The difficult second album has proved a speed bump for a number of bands that delivered sugary indie-pop debuts. MGMT, The Ting Tings, and Franz Ferdinand all tripped at the foot of disappointing sophomore efforts—a potential fate that no doubt loomed over Foster The People as they created Supermodel.
Upon first listen of the follow-up to 2011’s Torches, it seems as though Foster The People have succumbed to the same troubles as the aforementioned. The psychedelic, ‘70s rock aura sounds miles away from the honeycomb pop that first introduced the band to the masses. A less clean-cut approach buries any remnants of their debut’s driving, electro-pop, leaving you with a record that doesn’t sound anywhere near as fun.
It takes a while to let go, but once you accept that you’re now dealing with a band that have been catapulted to a much larger arena (no pun intended), subsequent listens allow Supermodel to open up with subtle melody, nostalgic value, and expansive soundscapes.
In interviews, helmsman of the band Mark Foster indicated that he wanted the follow-up to sound more organic, and that he’s accomplished. The pop quaintness of Torches has been disposed of in favour a raw, guitar-driven sound reminiscent of the Kinks and even Tame Impala.
The band’s intent to head for a different sound is apparent throughout the record. Foster’s proclaimed favourite song on the album, A Beginner’s Guide to Destroying The Moon, is the heaviest track the band has ever produced—a warped, stadium-sized rock track that at times has Foster sounding like Trent Reznor. Album opener, Are You What You Want To Be? is another departure, with island-flavoured verses preceding Brit-rock choruses you’d expect from The Rolling Stones.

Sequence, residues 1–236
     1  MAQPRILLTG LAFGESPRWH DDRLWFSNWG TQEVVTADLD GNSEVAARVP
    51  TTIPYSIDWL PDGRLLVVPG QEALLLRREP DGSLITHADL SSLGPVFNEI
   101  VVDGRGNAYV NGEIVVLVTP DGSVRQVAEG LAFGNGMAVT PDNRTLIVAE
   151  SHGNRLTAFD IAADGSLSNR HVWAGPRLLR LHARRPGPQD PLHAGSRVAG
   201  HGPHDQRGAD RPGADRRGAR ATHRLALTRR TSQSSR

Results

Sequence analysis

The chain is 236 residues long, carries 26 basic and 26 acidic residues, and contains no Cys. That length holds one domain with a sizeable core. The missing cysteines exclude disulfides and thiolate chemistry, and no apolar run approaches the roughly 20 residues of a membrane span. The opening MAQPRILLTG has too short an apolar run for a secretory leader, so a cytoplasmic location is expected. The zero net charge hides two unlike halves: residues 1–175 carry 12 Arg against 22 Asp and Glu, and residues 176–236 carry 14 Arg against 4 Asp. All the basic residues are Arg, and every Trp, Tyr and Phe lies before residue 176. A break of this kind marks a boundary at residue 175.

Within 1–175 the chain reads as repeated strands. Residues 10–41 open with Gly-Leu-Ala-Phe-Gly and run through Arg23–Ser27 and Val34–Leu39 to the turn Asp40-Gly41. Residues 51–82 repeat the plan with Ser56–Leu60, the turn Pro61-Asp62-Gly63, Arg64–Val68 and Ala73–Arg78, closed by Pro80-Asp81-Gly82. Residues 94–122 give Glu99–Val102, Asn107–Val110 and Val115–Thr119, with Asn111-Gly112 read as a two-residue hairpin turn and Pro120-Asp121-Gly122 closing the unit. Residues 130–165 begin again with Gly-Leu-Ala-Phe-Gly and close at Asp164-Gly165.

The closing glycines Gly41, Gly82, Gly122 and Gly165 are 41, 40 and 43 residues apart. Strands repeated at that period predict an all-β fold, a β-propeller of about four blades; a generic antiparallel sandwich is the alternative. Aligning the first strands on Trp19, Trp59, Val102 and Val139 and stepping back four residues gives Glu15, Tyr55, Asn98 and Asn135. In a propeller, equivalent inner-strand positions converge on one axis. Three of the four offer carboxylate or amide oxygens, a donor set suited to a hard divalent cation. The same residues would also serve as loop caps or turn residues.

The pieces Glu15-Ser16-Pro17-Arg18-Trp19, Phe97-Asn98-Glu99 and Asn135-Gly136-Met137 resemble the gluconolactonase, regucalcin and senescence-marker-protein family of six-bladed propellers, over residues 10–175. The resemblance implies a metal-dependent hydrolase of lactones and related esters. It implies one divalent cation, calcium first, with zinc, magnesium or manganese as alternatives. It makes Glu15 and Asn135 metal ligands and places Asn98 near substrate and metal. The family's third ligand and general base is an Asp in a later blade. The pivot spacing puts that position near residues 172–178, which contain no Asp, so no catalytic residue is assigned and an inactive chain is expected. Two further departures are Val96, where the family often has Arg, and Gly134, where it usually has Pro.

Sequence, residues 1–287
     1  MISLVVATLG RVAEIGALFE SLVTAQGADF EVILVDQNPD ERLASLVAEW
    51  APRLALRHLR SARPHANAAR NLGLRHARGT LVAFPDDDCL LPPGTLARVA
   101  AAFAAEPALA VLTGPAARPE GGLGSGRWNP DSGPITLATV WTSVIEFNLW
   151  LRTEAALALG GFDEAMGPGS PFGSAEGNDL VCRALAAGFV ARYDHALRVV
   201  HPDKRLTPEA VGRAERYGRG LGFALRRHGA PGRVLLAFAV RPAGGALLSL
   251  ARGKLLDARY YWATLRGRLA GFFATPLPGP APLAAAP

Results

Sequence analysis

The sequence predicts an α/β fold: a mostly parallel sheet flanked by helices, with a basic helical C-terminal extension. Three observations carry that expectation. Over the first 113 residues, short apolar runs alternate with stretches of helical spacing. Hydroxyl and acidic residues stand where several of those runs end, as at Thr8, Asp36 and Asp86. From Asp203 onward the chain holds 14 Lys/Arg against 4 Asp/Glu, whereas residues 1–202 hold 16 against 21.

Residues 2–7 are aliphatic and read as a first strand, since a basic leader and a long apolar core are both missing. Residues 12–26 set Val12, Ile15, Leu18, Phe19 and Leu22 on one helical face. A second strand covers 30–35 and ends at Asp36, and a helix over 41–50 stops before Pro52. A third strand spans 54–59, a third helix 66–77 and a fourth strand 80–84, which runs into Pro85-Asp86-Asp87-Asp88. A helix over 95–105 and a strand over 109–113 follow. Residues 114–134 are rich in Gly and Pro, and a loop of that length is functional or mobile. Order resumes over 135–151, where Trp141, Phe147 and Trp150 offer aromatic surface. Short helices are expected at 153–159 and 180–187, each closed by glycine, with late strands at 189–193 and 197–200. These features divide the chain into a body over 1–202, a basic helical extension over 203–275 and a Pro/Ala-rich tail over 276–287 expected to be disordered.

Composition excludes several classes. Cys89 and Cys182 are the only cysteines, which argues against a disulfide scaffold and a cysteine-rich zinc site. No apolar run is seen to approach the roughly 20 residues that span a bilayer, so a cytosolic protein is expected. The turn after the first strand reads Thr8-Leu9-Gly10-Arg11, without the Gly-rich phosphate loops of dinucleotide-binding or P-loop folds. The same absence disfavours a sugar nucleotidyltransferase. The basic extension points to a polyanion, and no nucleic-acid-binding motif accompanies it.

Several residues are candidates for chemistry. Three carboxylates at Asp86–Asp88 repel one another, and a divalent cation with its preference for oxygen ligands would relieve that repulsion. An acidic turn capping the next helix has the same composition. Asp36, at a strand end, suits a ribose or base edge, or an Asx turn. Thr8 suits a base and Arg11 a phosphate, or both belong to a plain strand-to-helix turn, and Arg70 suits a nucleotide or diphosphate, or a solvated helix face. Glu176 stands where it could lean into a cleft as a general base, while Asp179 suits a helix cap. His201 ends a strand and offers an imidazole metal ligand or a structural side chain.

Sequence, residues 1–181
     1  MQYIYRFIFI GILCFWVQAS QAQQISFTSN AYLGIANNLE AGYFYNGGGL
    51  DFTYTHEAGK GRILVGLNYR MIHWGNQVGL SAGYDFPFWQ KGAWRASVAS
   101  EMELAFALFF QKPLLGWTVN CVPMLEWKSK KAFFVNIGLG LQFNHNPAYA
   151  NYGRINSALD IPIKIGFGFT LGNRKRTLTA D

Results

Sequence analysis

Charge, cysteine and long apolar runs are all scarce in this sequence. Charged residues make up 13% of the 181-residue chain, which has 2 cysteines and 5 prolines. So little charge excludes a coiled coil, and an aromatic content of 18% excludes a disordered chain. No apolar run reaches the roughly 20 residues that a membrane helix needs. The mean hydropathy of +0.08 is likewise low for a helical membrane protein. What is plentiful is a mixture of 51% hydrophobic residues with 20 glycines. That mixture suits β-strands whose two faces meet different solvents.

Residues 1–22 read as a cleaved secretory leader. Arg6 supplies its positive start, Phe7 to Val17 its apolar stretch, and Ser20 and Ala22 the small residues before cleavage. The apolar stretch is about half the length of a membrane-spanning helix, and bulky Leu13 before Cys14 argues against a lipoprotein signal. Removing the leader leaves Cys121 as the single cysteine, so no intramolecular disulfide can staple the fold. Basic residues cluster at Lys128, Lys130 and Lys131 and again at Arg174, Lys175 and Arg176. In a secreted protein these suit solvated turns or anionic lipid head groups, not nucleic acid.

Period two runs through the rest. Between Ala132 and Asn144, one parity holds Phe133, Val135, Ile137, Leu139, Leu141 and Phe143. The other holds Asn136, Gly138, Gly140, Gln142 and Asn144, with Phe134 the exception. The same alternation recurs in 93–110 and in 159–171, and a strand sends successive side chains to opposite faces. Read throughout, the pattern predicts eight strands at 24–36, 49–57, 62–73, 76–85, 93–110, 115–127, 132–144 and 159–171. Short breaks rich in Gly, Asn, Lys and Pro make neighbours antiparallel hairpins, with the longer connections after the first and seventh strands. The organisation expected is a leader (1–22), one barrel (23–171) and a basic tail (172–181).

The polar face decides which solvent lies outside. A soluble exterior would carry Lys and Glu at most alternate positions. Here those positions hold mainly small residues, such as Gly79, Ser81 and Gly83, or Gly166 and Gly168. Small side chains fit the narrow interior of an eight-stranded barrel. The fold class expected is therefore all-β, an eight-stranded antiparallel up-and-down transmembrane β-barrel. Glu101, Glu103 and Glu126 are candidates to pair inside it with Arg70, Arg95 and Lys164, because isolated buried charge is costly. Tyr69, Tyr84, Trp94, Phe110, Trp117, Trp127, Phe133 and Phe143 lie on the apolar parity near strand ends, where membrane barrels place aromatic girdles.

Watch: Foster The People – Coming of Age
The downbeat moments are the hardest to latch onto, but bloom gracefully after a few listens. Ask Yourself is a tender and beautifully layered acoustic number, while The Truth is an anxiety-stricken track driven by a rollicking drum-beat. However, bizarre vocals singing “There is a truth, I can promise you that” make the latter somewhat melodramatic.
For an album that is ultimately more challenging than its predecessor, it is surprisingly better suited to an arena setting. The first single, Coming of Age, perfectly lends itself to a grand, smartphone-lit venue. It’s instrumentally expansive while still offering a big melodic hug through warm harmonies and percussion.
Despite spots of individual greatness, as a whole, Supermodel suffers from being too inconsistent. It rolls from psychedelic rock, to straight-up alt-pop, to warped electronica, with no binding thread. Its missteps sound like attempts at finding something more emotionally complex that ultimately end up lacking depth. Nevermind sounds like hotel lobby accompaniment dressed with boho styling, while Fire Escape is a pleasant but ultimately forgettable ballad, based around an ineffective “I am a fire escape” metaphor.
Supermodel is certainly not the fall from grace that Congratulations was for MGMT, but it’s unlikely to hold onto the numbers that became enamoured with Torches. Minus the gloss and in-your-face melodies, Supermodel is a much less immediate listen. But given the chance, it reveals itself to be an enjoyable if not slightly over-thought follow-up.
Foster The People’s ‘Supermodel’ is out now. Follow all the latest Foster The People news at our special Feed.